Campus News

This summer and spring brought exciting events to the Pitzer community. Below are a few highlights and headlines from around the Mounds and around the country.

Summer Welcome Receptions

Pitzer hosted 11 Summer Welcome Receptions for the College’s newest students and their families. From the Bay Area to the Colorado Rockies to the city that never sleeps, parents of Pitzer students—past and present—invited members of the Class of 2026 and their loved ones into their homes. Interim President Jill A. Klein P’15—herself a parent of a Class of 2015 alumna—hosted two receptions, one in Washington DC and one in Claremont at the Pitzer President’s Residence. Pitzer’s Alumni & Family Engagement team held a virtual reception for anyone who couldn’t make it in person, featuring leaders from Pitzer’s Office of Student Affairs and Office of Study Abroad and International Programs. More than 85 families participated in these summer events welcoming the newest members of the Pitzer community.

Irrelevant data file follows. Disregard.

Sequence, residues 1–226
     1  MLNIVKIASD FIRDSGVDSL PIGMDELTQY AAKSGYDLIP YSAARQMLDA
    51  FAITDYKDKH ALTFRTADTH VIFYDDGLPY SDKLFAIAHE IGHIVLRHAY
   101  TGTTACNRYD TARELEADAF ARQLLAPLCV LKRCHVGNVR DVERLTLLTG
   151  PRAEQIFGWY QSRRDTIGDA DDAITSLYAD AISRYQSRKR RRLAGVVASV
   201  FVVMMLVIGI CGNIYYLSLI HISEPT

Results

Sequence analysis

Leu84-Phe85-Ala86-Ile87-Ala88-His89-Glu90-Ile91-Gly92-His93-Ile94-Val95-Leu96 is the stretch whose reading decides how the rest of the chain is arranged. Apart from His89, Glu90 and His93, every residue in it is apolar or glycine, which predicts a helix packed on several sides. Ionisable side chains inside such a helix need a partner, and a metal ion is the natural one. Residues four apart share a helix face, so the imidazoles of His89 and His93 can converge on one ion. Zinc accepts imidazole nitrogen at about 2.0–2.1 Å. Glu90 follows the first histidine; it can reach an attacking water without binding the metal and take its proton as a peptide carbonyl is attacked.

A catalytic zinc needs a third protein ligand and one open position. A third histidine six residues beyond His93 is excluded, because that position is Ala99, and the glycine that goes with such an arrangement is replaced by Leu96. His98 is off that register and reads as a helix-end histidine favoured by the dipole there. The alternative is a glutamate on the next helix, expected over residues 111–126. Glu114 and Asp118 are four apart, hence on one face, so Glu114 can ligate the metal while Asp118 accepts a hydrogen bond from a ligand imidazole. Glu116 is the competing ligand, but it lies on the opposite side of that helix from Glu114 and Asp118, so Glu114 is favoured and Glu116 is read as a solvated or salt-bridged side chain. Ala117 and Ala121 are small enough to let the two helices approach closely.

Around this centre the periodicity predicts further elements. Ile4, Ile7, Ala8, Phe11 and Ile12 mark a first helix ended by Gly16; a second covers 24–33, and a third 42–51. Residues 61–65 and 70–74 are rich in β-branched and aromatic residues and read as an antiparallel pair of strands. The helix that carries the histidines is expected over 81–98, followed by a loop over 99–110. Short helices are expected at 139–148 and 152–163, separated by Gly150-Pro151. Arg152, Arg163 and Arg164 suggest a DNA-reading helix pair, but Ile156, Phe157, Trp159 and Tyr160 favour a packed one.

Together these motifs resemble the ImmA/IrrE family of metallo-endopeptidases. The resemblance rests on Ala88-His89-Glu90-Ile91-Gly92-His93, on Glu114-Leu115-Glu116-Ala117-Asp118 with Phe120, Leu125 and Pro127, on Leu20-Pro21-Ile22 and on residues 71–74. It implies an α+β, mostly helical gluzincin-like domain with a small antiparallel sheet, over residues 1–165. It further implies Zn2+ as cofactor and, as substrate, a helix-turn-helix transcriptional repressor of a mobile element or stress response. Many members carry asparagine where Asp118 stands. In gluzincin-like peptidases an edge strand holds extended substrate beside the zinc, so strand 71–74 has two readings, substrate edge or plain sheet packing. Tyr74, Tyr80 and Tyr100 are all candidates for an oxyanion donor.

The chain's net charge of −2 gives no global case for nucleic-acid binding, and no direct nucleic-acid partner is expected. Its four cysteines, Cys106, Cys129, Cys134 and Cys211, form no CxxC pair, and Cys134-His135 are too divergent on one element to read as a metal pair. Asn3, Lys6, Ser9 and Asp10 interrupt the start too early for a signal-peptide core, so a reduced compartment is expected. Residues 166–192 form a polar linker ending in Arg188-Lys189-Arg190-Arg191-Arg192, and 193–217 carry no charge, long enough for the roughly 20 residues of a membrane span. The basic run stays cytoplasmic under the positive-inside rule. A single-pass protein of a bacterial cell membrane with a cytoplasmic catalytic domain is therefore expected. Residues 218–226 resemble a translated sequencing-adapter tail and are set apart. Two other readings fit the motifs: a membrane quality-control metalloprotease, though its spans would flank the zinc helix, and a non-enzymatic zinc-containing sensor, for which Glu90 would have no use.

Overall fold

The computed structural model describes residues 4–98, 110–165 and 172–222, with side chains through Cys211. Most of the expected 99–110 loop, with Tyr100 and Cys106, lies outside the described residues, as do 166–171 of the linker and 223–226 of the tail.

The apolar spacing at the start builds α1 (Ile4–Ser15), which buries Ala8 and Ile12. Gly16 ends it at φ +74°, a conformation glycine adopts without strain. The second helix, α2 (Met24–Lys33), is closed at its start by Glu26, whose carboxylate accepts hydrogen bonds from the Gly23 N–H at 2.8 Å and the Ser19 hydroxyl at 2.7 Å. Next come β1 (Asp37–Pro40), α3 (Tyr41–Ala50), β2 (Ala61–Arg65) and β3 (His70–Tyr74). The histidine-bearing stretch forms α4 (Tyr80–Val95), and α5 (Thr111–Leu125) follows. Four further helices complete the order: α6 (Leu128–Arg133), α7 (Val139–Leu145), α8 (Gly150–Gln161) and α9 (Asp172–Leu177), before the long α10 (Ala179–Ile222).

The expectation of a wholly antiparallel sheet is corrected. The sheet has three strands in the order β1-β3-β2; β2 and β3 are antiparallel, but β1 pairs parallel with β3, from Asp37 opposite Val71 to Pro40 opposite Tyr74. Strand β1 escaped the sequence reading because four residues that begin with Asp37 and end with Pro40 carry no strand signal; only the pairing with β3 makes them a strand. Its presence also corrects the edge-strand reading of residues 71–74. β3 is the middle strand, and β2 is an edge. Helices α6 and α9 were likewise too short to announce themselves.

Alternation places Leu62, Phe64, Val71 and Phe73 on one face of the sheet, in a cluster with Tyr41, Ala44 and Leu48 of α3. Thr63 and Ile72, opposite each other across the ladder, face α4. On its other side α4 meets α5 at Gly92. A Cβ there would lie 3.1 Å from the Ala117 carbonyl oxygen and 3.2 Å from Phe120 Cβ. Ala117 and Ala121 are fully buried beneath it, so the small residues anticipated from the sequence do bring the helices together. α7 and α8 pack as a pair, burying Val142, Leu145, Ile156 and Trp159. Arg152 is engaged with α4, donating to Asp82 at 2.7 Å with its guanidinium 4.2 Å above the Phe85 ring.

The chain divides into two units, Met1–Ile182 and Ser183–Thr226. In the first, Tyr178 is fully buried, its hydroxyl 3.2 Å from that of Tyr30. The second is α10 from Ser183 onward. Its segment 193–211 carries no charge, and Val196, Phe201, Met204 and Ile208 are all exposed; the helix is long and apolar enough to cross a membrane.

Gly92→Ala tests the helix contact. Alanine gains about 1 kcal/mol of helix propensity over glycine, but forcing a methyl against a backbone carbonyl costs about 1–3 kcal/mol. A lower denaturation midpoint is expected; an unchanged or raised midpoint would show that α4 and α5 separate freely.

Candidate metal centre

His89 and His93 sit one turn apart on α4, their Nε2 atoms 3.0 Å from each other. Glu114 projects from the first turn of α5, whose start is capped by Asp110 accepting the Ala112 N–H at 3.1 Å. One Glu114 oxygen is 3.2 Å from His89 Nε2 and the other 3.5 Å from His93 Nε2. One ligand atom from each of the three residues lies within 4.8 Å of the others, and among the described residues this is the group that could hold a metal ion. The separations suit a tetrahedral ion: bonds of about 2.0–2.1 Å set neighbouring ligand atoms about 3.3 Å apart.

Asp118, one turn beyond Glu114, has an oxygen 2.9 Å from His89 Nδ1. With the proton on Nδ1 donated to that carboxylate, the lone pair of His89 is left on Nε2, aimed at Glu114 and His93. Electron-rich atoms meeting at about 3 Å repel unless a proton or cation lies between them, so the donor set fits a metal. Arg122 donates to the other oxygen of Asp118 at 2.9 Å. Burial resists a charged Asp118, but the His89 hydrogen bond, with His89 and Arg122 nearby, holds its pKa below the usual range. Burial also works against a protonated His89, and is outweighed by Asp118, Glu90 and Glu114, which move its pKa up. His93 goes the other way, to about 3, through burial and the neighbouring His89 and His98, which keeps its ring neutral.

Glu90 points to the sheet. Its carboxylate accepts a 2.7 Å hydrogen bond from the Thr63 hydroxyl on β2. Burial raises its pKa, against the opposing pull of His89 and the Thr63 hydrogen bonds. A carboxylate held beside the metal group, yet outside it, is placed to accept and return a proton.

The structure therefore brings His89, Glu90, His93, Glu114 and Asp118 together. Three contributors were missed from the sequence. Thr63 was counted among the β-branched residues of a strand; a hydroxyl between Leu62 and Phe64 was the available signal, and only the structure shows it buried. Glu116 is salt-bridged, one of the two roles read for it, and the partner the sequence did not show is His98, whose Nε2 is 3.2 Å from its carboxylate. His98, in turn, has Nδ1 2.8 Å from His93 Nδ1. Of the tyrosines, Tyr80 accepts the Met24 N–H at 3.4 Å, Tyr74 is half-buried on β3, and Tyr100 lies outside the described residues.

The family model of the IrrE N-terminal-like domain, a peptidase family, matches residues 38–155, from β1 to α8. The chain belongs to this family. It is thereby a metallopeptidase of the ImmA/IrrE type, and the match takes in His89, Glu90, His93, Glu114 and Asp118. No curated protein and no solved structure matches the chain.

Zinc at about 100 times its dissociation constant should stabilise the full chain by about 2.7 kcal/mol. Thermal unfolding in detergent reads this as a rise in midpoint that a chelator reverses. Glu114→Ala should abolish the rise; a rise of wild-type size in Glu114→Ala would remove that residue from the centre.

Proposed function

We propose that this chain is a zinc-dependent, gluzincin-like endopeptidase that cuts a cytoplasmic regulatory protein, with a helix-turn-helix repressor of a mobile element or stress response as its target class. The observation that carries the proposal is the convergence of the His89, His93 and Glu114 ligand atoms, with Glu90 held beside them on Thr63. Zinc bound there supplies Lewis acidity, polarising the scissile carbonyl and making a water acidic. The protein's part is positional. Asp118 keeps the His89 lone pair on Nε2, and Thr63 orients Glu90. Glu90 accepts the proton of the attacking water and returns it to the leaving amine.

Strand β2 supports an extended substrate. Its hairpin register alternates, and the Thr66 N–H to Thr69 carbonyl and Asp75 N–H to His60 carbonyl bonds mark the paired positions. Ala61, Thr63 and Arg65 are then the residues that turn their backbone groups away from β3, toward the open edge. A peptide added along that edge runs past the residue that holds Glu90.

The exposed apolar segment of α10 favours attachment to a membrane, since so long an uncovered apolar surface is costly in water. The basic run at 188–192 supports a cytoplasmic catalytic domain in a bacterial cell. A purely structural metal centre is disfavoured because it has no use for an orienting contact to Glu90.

Pitzer Makes an Impact

In August, the Princeton Review once again counted Pitzer as one of the nation’s best colleges. In its Best 388 Colleges: 2023 Edition, the Review ranked Pitzer #2 for “Most Politically Active Students,” #3 for “Green Matters: Everyone Cares About Conservation,” and #5 for “Best Campus Food.” Pitzer ranked #1 among the Top 20 Best Schools for Making an Impact (Private Schools) earlier this year in the company’s Best Value Colleges 2022 rankings.

Racial Justice Initiative Explores Anti-Black History of Medicine

Dierdre Cooper Owens (photo by Craig Chandler)

In April, award-winning historian Deirdre Cooper Owens gave the spring 2022 Distinguished Lecture for the Racial Justice Initiative (now known as the Melvin L. Oliver Racial Justice Initiative). In her virtual talk, Cooper Owens traced how anti-Blackness and health inequities from the Antebellum era continue to manifest in modern-day medicine. Cooper Owns reframed false notions of “biological differences” and pathology and examined how racial bias in pain perception affects how Black people have been treated—and continue to be treated—in the medical field.

Glass Humanities Lecture Looks at Environmentalism Through Art